Take Me Somewhere Else
I have a question:
Do chickens and roosters get their groove on?
I only ask this because in all of my life – I have never seen chickens and roosters fuck. I know the chickens lay eggs and within those eggs are baby chickens (or roosters) if that egg has been fertilized, but how does the rooster fertilize SOME of the eggs that chicken lays and not others? And how do we (as egg eaters) tell the difference? I don’t know about you, but I’ve never (EVER) looked at a carton of eggs to see if they were fertilized eggs or unfertilized eggs. And if those farmers that provide us eggs are gathering the little orbs of deliciousness for us, how do THEY know the difference between fertilized and unfertilized eggs before we buy them at the grocery store?
So many questions here!
I had to use Google for what it was designed to do – educate me. And the things I learned are wild.
Chickens and roosters DO mate. But a rooster doesn’t have a penis, and a chicken doesn’t have a vagina. Nope. They both have a thing called a “cloaca” that is made for mating AND excreting. That’s something I learned today. A cloaca can be found in all birds, amphibians, reptiles, and most fish. Chickens and roosters basically “scissor” until the rooster shoots his wad and the chicken gathers up the goo. She can store the sperm in her body for weeks and use it to fertilize her eggs that are then laid and hatched in an average of 22 days. But since she stores the rooster’s baby batter – she can go weeks without mating again.
So when a fertilized egg is hatched and a yellow, fuzzy chick pops out – is it a rooster or a hen? They ALL look alike.
Since chickens don’t have vaginas and roosters don’t have penises, the only way to tell the sex of the bird upon hatching is to wait a few months when the bird starts to crow. If it crows – it’s a rooster. But apparently, some hens crow as well. So you have to wait until 4 or 5 months until the bird begins to grow feathers. The farmers can tell the sex of the bird. The wing feathers are shorter on male birds than they are on females. But until they grow up a little bit – all the chicks are all the same. Male or female. Sort of trans-fowl.
Am I eating fertilized eggs when I buy them at the grocery store?
I don’t know about you, but I assume my eggs are UNfertilized. I don’t want to think of cracking open an egg that had sperm all in and around it. According to what I’ve been reading there is a system called “candling the egg”. Farmers put the eggs up to candle light to see if there is a fetus underneath the shell. HOWEVER, sometimes these fertilized eggs will make it to your grocery store. Farmers will usually catch them by candling their eggs, but if someone has a hundred (or more) chickens they are tending to – those fertilized eggs will make it out and into a carton. You CAN eat a fertilized egg which is usually sold at the farm. Once the embryo reaches your refrigerator all birthing process stops. So – newsflash – I may have eaten a few fertilized eggs in my lifetime. I’m definitely going to be checking my eggs more closely in the future.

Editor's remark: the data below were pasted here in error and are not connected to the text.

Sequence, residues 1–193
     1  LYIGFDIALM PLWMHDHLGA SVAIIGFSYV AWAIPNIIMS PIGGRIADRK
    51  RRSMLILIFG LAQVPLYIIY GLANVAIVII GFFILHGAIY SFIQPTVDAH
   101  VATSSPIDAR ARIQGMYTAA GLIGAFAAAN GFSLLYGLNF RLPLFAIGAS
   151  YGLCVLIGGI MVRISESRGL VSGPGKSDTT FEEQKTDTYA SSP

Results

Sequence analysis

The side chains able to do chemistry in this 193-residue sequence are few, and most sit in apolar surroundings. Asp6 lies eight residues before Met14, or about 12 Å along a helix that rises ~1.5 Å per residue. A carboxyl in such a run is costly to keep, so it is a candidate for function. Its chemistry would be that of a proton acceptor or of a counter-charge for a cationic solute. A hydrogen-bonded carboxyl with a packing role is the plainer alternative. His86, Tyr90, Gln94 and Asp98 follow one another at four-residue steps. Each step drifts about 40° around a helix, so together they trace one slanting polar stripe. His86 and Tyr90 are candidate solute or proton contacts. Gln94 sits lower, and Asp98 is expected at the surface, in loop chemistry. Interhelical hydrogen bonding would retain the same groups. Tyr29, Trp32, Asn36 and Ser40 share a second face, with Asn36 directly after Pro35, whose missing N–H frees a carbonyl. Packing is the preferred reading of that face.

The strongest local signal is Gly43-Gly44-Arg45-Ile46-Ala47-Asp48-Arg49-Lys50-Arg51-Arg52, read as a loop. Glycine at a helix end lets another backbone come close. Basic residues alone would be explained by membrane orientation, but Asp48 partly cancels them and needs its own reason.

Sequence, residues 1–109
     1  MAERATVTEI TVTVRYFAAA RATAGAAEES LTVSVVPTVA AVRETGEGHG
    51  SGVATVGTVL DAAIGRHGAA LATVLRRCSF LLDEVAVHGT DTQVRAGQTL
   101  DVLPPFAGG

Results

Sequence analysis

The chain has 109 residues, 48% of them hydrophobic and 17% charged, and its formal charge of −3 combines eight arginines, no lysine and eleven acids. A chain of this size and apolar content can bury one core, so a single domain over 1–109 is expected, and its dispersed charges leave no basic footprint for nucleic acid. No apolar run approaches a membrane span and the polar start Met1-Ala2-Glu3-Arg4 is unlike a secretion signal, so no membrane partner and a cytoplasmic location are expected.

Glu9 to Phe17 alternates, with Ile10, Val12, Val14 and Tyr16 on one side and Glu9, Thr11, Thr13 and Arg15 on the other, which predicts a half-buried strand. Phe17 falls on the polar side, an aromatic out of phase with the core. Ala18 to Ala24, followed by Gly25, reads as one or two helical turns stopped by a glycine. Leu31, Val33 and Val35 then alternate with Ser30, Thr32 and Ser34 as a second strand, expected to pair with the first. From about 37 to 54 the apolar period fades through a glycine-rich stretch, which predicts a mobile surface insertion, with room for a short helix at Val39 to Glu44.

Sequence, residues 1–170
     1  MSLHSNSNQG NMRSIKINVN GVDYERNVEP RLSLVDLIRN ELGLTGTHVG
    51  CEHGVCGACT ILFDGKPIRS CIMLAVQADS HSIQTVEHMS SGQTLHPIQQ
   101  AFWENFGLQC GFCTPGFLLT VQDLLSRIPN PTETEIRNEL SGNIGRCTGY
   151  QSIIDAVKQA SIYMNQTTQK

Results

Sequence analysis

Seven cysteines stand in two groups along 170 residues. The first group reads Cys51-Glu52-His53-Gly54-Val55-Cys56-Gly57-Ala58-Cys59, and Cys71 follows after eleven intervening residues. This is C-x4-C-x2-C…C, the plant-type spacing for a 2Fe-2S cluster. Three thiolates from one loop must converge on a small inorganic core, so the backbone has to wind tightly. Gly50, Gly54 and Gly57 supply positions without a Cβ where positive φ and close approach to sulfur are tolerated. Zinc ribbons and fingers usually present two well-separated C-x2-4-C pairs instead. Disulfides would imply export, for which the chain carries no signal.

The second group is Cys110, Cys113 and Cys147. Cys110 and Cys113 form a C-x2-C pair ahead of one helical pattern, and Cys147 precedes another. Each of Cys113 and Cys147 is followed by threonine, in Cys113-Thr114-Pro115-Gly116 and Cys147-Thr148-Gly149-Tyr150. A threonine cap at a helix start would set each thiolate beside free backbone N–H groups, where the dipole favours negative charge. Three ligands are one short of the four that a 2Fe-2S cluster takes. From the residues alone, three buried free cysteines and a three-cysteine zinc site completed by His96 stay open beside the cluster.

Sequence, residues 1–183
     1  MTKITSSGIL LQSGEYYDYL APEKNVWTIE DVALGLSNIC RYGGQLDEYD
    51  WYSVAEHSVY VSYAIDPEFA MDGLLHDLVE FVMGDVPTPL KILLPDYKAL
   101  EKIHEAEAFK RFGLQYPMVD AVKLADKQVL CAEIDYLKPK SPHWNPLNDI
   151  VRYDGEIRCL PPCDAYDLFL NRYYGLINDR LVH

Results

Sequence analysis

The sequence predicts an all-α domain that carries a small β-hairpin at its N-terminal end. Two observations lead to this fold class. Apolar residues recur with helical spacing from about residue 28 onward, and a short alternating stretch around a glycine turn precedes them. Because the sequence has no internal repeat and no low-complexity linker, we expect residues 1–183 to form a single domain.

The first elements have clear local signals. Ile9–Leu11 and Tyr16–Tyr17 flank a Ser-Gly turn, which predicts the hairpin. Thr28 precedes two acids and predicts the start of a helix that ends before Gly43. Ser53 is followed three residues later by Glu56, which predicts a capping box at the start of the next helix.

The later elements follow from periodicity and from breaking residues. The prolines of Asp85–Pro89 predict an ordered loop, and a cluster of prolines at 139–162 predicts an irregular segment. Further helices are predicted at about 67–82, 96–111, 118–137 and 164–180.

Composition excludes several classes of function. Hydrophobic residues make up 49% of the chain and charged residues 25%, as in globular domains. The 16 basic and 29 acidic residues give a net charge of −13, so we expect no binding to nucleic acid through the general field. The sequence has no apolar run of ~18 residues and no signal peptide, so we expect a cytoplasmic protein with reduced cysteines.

How come we always eat “chicken” but never have bought a “rooster” in the meat department?
Honestly – these are questions I have always had, but never has anyone answered them. It turns out we DO eat rooster. But it’s sold as chicken. The chickens (including roosters) are bred so fast that they are sold for meat before they reach their sexual maturity. (Remember feather sexing? When we can tell if it’s a chicken or a rooster?) So we may very well be eating rooster, but it hasn’t reached that adult stage yet before we are placing it in chicken pot pies or eating them in chicken nuggets. Mature roosters are sold for their meat, but their meat is usually tough and has a strong “fowl” taste to it. It’s usually sold for coq au vin, which translates to “cock in wine”or used in soups or for chicken stock. Young chicken hens are more fatty and are cut up and sold as your chicken breasts. Young roosters are less fatty and contain more protein. You’ll see these being sold as your rotisserie chicken or broiler chicken.
To sum up: